[3] It should be first noted that the action for inverse paternity when brought under Civil Code section 231 is an action not related to either legitimation or adoption, as that section pertains only to establishment "of the relation of parent and child, by birth or adoption." More important, [15 Cal. App. 3d 249] however, are the requirements under Civil Code section 230 fn. 7 to accomplish the fact of legitimation and adoption, that not only is there the necessity for the ascertainment of the relationship or parent and child, but the necessity for the father's public acknowledgment of that fact, the receiving of the child into the father's family, and his treatment of the child as though it were legitimate. As neither of these latter two requirements is a necessary element of the finding of paternity under section 231, the declaration resulting from an action under that section is not res judicata of all the issues governed by section 230. [4] Where, however, there has been an adjudication under section 231 as to the paternity, that element of section 230 would not be subject to dispute. (Garcia v. Garcia, 148 Cal. App. 2d 147 [306 P.2d 80].) Certainly, also, the fact that the father had instituted the section 231 action to have declared his filiation to the child is a public acknowledgment of that relationship.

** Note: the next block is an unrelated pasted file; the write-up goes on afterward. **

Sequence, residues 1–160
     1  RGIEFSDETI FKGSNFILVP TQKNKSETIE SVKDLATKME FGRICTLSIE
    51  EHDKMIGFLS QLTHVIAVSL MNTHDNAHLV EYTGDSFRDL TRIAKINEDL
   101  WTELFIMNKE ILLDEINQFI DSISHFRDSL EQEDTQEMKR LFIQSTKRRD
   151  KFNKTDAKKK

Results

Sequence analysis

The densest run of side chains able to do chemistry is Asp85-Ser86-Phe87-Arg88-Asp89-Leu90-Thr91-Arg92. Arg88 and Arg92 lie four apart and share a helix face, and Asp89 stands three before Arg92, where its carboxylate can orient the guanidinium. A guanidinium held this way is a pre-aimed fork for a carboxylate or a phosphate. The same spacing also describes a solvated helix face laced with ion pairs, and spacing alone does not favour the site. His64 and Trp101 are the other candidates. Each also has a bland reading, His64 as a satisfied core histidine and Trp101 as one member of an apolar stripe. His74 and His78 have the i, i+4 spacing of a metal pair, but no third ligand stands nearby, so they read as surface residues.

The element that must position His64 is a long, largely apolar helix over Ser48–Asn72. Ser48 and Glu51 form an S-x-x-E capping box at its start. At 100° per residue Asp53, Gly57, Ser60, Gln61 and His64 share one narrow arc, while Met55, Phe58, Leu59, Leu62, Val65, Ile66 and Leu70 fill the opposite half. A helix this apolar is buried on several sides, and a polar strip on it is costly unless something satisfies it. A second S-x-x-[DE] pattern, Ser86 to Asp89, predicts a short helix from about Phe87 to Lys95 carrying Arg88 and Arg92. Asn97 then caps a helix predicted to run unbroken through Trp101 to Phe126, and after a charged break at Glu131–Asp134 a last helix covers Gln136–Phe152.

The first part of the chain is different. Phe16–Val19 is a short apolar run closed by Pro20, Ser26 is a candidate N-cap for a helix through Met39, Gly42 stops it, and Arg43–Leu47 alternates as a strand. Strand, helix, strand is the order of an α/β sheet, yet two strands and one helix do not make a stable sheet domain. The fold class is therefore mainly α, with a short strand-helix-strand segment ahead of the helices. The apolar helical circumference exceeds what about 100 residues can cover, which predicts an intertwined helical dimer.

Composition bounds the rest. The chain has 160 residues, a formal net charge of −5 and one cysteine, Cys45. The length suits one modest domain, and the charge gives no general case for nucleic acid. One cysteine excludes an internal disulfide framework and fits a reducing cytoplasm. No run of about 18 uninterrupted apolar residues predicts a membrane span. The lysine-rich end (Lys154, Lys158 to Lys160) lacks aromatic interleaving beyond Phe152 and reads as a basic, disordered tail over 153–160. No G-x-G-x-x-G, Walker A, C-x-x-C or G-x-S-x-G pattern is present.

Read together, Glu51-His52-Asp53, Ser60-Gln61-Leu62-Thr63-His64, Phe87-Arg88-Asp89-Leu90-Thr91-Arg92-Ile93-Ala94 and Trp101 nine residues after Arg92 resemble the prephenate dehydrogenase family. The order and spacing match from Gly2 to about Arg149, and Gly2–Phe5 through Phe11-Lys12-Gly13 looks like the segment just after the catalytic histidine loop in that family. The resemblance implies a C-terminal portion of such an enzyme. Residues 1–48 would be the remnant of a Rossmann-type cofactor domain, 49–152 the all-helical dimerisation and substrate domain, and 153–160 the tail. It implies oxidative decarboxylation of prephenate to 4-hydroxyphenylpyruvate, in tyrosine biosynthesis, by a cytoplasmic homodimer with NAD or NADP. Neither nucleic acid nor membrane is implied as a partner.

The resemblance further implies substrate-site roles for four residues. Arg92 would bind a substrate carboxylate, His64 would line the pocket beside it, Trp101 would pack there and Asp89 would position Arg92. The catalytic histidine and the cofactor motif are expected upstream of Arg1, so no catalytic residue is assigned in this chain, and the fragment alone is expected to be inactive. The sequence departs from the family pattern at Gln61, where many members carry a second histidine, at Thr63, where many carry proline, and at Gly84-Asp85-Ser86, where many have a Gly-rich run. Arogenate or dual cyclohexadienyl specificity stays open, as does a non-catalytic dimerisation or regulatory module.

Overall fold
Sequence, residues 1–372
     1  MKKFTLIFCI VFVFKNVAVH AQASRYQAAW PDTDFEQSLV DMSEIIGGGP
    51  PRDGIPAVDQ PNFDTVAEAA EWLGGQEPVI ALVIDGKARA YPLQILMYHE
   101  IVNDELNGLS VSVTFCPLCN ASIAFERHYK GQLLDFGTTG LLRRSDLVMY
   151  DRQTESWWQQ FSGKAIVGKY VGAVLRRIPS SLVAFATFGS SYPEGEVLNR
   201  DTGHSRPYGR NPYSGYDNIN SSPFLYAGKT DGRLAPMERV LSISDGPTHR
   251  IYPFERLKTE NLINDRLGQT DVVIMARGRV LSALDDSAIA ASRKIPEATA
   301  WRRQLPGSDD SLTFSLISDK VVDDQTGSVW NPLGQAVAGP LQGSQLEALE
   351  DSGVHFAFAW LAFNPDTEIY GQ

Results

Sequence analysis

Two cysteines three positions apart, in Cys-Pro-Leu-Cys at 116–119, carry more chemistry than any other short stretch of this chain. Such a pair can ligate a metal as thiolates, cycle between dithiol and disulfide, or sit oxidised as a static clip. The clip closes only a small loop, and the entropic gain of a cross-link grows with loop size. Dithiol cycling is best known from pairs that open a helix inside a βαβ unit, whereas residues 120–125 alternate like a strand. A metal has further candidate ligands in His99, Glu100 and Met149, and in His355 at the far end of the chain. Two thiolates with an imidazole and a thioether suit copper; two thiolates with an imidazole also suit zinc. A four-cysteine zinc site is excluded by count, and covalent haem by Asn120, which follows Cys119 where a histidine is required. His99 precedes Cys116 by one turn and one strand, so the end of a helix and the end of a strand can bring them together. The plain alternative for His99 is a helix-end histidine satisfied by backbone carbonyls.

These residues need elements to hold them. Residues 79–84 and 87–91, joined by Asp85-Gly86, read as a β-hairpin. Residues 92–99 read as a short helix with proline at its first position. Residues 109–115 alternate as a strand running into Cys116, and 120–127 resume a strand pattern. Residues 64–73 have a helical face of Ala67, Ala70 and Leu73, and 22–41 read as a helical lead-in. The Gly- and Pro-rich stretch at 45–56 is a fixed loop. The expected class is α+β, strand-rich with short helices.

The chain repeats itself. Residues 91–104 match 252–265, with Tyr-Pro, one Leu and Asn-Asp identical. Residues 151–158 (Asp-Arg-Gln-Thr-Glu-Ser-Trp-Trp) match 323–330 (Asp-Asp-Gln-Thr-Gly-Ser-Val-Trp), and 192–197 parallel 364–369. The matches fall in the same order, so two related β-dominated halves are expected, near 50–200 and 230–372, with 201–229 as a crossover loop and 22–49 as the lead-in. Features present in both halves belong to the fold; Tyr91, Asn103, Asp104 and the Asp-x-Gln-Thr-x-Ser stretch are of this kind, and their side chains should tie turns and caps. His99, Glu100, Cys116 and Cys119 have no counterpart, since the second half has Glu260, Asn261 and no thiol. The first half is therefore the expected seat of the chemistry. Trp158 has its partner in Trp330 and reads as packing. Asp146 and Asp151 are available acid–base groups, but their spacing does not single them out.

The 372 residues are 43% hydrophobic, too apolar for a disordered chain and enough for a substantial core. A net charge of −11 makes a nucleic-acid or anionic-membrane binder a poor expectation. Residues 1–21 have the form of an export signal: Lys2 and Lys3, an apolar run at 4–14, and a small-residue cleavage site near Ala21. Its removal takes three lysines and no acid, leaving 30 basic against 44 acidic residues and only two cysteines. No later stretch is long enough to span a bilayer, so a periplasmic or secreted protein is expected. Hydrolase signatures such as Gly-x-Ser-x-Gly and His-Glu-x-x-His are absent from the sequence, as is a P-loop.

Of the three prerequisites necessary to accomplish an adoption under section 230, in the instant case, the one of paternity has been established as a matter of law (in fact, by judicial decree). The second prerequisite, that of public acknowledgment, is certainly established under the instant circumstances, and by both the father and mother (on behalf of the child) petitioning the court in the section 231 and section 196a proceedings to have the filiation decreed, they are judicially bound by that finding. However, there was nothing before the court in those proceedings which involved the determination of whether the father "receiv[ed] [the child as his own] ... into his family, and otherwise treat[ed] it as if it were a legitimate child." Thus, the third prerequisite remained as an issue to be determined in the adoption proceeding.

[5] The "family" fn. 8 referred to in the statute has been interpreted to mean no more than that the father must have a home, a settled place of habitation of which he is the head, into which he must receive the child. (Estate of Baird, 193 Cal. 225, 279 [223 P. 974]; Estate of Gird, 157 Cal. 534, 545 [108 P. 499].) This is the circumstance under which we must examine the facts to ascertain whether the acts of the natural father were such as to have accomplished his having taken the child into his home within the meaning of section 230 and as a matter of law. We recognize that where there is any conflict in the evidence as to "what the natural father did," the conclusion drawn by the trial court is binding upon us.